Cabinet dilutes new mining bill
IT ALMOST did the right thing. On September 30, the Union Cabinet cleared a new bill on regulating mining operations in the country. The bill mandates mining companies to share part of their profits with people affected by projects. But now there is a twist: the bill gives the Centre power to review the profit-sharing percentage for coal mine owners.
The Mines and Minerals (Development and Regulation) (MMDR) Bill of 2011 requires coal companies to provide 26 per cent of post-tax profit every year to a district-level body, District Mineral Foundation (DMF). DMF will then give the funds to project-affected people. Miners of major minerals, like limestone and iron ore, will have to give DMF an amount equal to the royalty they pay to states. The profit-sharing percentage for minor minerals, like sand and marble, will be decided by the states after consultation with National Mining Regulatory Authority (NMRA), which is proposed under the bill.
With its aim to benefit the public and companies, the bill states the Centre can review the profit-sharing percentage of coal mine owners based on the recommendations of NMRA. The Ministry of Mines says coal prices in the country are “administered, not market-linked. Hence, it is important to give government the flexibility to change the percentage”. It would be unfair to ask for 26 per cent of profits if coal companies are not making as much money as other mi.ning firms due to administered prices. In case the coal companies are making huge profits, the government can revise the percentage upwards, adds the ministry. This alteration would change the economics of the profit sharing-regime, which is yet to take off in the country.
As per an analysis by Delhi’s non-profit Centre for Science and Environment (CSE), the bill’s profit-sharing provision will make available Rs 10,500 crore a year for the affected communities at the current level of mining. If the Centre uses the review option and decides to change the percentage to, say, 10 per cent the amount will be reduced by half. Chandra Bhushan, deputy director general of CSE, says, “Clearly, this kind of a mechanism has been introduced to safeguard companies and their profits.” If the government reels under pressure and reduces the percentage to five under the garb of administered prices the whole point of the exercise will be lost, he adds.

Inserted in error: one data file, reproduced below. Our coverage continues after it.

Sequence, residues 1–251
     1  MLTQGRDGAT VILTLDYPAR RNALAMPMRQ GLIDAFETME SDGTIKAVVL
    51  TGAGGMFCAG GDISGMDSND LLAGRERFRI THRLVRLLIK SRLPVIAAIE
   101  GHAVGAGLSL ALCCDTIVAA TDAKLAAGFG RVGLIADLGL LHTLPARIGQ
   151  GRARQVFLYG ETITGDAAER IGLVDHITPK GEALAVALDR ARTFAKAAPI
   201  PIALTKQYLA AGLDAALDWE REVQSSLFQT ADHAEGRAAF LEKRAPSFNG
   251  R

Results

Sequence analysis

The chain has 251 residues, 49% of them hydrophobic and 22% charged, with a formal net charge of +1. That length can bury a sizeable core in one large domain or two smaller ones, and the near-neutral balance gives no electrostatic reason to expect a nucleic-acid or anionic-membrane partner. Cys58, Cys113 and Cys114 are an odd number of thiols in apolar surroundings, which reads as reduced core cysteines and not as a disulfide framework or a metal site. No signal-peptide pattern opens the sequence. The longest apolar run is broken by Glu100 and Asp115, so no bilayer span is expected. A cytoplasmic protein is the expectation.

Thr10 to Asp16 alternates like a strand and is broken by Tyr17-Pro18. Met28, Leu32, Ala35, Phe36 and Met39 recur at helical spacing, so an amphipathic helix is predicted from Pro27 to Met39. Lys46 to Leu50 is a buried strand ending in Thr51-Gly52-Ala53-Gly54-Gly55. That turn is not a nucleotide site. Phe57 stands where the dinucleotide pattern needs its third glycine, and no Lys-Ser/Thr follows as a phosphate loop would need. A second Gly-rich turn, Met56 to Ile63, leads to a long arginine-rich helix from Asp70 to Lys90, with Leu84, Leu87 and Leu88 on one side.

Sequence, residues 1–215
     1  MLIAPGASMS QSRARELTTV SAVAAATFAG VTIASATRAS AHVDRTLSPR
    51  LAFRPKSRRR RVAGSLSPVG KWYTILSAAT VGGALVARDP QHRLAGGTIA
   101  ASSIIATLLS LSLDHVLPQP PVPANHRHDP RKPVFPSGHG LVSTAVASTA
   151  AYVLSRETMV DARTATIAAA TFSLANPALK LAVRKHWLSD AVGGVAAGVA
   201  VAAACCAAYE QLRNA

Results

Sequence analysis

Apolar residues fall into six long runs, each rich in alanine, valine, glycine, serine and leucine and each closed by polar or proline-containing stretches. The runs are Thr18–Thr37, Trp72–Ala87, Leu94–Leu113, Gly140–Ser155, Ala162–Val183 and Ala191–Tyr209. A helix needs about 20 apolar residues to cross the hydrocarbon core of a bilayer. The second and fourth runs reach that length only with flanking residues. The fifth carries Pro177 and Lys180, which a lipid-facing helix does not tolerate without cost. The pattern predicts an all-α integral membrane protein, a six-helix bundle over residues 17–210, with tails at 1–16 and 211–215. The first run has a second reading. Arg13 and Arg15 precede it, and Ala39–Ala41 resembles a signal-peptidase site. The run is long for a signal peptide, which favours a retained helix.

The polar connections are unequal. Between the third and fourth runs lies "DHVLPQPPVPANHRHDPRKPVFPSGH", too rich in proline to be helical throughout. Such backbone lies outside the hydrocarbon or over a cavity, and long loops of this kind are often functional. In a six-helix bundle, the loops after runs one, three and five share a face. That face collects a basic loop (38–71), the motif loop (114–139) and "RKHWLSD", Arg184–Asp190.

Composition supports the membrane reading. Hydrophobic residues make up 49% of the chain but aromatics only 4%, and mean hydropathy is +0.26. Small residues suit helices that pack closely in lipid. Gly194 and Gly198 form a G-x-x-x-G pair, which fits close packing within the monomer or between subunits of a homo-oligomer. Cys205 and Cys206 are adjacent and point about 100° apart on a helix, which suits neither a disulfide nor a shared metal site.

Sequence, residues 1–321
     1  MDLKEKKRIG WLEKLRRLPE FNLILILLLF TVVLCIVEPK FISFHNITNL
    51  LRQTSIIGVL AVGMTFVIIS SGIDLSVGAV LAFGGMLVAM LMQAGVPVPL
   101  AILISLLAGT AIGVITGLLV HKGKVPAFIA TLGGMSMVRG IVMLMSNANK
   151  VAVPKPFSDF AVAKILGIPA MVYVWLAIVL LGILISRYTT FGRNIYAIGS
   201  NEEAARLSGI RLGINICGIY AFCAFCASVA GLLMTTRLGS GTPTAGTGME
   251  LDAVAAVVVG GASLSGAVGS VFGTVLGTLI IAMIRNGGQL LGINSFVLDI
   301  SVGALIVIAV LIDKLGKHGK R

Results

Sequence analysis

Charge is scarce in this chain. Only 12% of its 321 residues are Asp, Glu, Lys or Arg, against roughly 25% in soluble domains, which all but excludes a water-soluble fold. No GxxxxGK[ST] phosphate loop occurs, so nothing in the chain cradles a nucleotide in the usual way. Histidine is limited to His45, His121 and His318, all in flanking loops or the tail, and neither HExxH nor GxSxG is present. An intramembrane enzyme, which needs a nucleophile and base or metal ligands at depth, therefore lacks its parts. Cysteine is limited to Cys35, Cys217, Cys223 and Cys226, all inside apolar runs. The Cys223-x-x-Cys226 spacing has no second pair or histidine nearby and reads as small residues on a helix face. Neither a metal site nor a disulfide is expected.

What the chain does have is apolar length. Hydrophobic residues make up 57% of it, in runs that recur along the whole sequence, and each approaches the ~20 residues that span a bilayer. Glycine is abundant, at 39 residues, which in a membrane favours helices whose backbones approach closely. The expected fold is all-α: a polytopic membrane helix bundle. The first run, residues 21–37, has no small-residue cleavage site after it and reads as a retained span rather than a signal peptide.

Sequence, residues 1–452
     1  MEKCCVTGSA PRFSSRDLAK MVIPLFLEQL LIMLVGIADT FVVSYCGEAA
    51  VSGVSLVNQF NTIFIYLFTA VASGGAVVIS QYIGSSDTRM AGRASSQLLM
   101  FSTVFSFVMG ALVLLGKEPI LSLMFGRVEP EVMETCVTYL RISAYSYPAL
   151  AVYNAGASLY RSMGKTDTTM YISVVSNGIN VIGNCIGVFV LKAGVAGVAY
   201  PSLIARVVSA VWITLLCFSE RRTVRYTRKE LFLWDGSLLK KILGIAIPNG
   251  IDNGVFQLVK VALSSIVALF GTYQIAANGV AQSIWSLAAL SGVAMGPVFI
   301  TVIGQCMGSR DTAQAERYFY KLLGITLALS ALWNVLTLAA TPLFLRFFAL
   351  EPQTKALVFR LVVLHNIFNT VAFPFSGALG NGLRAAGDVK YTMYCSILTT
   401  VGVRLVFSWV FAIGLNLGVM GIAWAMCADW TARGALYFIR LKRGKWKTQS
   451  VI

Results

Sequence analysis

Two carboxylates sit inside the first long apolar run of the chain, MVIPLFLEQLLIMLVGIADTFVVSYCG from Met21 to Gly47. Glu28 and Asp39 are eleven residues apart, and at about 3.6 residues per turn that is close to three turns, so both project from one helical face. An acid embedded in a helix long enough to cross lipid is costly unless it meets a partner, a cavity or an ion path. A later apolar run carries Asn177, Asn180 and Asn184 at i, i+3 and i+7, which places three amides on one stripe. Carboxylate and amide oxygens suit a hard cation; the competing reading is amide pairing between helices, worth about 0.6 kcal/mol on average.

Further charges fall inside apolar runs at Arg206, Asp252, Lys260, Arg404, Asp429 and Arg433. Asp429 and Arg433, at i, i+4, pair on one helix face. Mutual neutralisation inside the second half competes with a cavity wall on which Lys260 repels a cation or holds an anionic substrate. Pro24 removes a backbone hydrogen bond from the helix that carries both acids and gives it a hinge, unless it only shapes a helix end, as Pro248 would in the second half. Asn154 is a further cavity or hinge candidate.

The bill has altered the structure of the council that will manage DMF: the chairperson of the district panchayat/council instead of the head of the zila parishad. The bill, which seeks to replace the MMDR Act of 1957, specifies that only three members from the affected community can be a part of the council. The earlier version of the bill did not specify any such number. Another change in the bill, recommended by civil society groups including CSE, is to keep a tab on the administrative expenses of DMF by limiting the budget to less than five per cent of the annual receipts.
The bill has also incorporated a cut-off date to identify people affected by existing mines, January 1, 1997. It has introduced the concept of making monetary payments to women members of the affected families. The Ministry of Coal feels the bill excludes captive coal mine owners. It plans to table a proposal that will fix a levy on captive coal mine owners on the basis of per tonne production of coal. This levy will be calculated on the average of 26 per cent profits of the two main coal mining companies, Coal India and Singareni Collieries Company. The mines ministry disagrees. “We will have accounting offices at the captive mine level to know how much coal they mine,” it says. There is no question of keeping the captive coal mine owners from the purview of the bill by devising a new levy, the mining ministry adds.
The bill will be tabled in the winter session of Parliament.
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